André Richard: Music by Luigi Nono and Others (Tues Feb 25): This concert is the culmination of a weeklong residency by Swiss musician André Richard, who studied with Luigi Nono, the antifascist 20th-century Italian composer.

TOWN HALL

1119 Eighth Ave, 652-4255, townhallseattle.org

Ceremony of Carols: Britten Centenary Christmas (Sat Dec 7): Happy 100th birthday to Benjamin Britten with his Ceremony of Carols and A Boy Was Born.

Holiday Concert (Sun Dec 8): Carol sing-along and festiveness galore with the local orchestra.

35th Annual Seattle Celtic Yuletide Concert (Sat Dec 14)

Salvation Army Brass Band & Breath of Aire Choir (Sun Dec 15)

Seattle Baroque Orchestra Presents Dresden Concertos (Sat Jan 18): Guest artist Rachel Barton Pine directs and performs concertos on the viola d'amore, a seven-stringed instrument popular 400 years ago.

Seattle Festival Orchestra Presents Sibelius Karelian Overture (Sun Jan 26)

Mozart Birthday Toast (Mon Jan 27): Town Hall's fifth annual toast to Mozart's birthday (he'd be 258 this time) brings a concert with pianist Byron Schenkman, soprano Linda Tsatsanis, violinist Liza Zurlinden, violist Jason Fisher, and clarinetist Sean Osborn, and chocolates, sparkling beverages, prizes, "and merriment all around." Any reason to hear Mozart is a good one; remembering he was a real person with a small group of great and loving interpreters is particularly nice.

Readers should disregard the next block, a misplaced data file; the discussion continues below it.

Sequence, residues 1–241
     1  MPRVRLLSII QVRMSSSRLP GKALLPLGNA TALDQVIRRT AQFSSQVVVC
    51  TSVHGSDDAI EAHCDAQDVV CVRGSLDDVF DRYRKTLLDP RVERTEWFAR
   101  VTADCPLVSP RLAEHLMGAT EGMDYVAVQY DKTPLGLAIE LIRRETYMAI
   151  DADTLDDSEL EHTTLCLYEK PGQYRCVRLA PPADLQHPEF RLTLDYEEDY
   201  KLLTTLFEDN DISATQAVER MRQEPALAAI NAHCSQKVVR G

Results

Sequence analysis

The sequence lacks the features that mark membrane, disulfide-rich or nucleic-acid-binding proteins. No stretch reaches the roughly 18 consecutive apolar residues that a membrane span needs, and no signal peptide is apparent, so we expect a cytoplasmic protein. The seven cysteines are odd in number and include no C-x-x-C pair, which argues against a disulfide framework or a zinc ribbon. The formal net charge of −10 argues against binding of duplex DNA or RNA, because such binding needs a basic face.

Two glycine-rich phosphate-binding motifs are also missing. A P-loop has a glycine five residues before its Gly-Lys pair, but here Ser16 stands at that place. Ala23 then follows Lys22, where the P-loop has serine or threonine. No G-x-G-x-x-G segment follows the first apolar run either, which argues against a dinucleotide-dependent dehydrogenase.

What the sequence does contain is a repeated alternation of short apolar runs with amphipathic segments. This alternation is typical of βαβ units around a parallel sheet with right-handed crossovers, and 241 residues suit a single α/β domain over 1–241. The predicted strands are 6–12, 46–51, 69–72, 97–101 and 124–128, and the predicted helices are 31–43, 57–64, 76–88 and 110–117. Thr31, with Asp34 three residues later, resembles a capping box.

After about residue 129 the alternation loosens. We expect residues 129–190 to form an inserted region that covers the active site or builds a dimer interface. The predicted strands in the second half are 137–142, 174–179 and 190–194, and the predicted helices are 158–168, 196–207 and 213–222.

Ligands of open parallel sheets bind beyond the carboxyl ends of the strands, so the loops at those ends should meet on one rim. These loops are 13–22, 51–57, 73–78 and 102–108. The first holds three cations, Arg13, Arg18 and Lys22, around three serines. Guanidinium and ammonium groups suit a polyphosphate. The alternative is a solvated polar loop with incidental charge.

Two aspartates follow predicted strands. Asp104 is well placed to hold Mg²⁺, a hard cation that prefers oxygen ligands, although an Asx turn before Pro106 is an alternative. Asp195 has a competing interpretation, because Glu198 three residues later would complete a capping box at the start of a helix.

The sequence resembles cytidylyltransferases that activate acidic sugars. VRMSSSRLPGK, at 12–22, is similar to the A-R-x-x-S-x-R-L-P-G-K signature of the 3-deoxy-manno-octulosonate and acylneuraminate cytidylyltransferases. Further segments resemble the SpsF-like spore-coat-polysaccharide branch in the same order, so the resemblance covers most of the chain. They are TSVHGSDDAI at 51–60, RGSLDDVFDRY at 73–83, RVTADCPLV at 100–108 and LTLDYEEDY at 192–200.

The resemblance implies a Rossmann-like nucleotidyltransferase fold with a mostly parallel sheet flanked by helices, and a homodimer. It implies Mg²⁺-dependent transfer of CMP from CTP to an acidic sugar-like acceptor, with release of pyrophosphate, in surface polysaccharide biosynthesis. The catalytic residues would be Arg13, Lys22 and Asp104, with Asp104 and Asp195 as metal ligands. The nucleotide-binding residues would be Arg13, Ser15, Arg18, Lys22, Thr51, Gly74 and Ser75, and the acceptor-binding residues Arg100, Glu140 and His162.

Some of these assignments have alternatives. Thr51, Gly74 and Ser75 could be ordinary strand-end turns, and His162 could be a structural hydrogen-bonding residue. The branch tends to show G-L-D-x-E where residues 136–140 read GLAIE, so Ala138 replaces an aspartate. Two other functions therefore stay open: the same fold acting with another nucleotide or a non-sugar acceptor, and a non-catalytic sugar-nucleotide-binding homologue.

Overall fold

Early Music for All: An Intergenerational Sing-Along! (Sun Feb 2): Everybody's invited to join in on songs that are hundreds of years old.

Thalia Symphony Presents: Passion, Love, and Tragedy (Sun Feb 9): Music by Sibelius, Chausson, and Rossini.

Early Music Guild Presents: The King's Singers (Sat Feb 15): The King's Singers sold out their appearance on Early Music Guild's season last year, so they return for a night celebrating Netherlandish composer Josquin des Prez, a 16th-century master of polyphony (voice-mixing). Obscure and neat!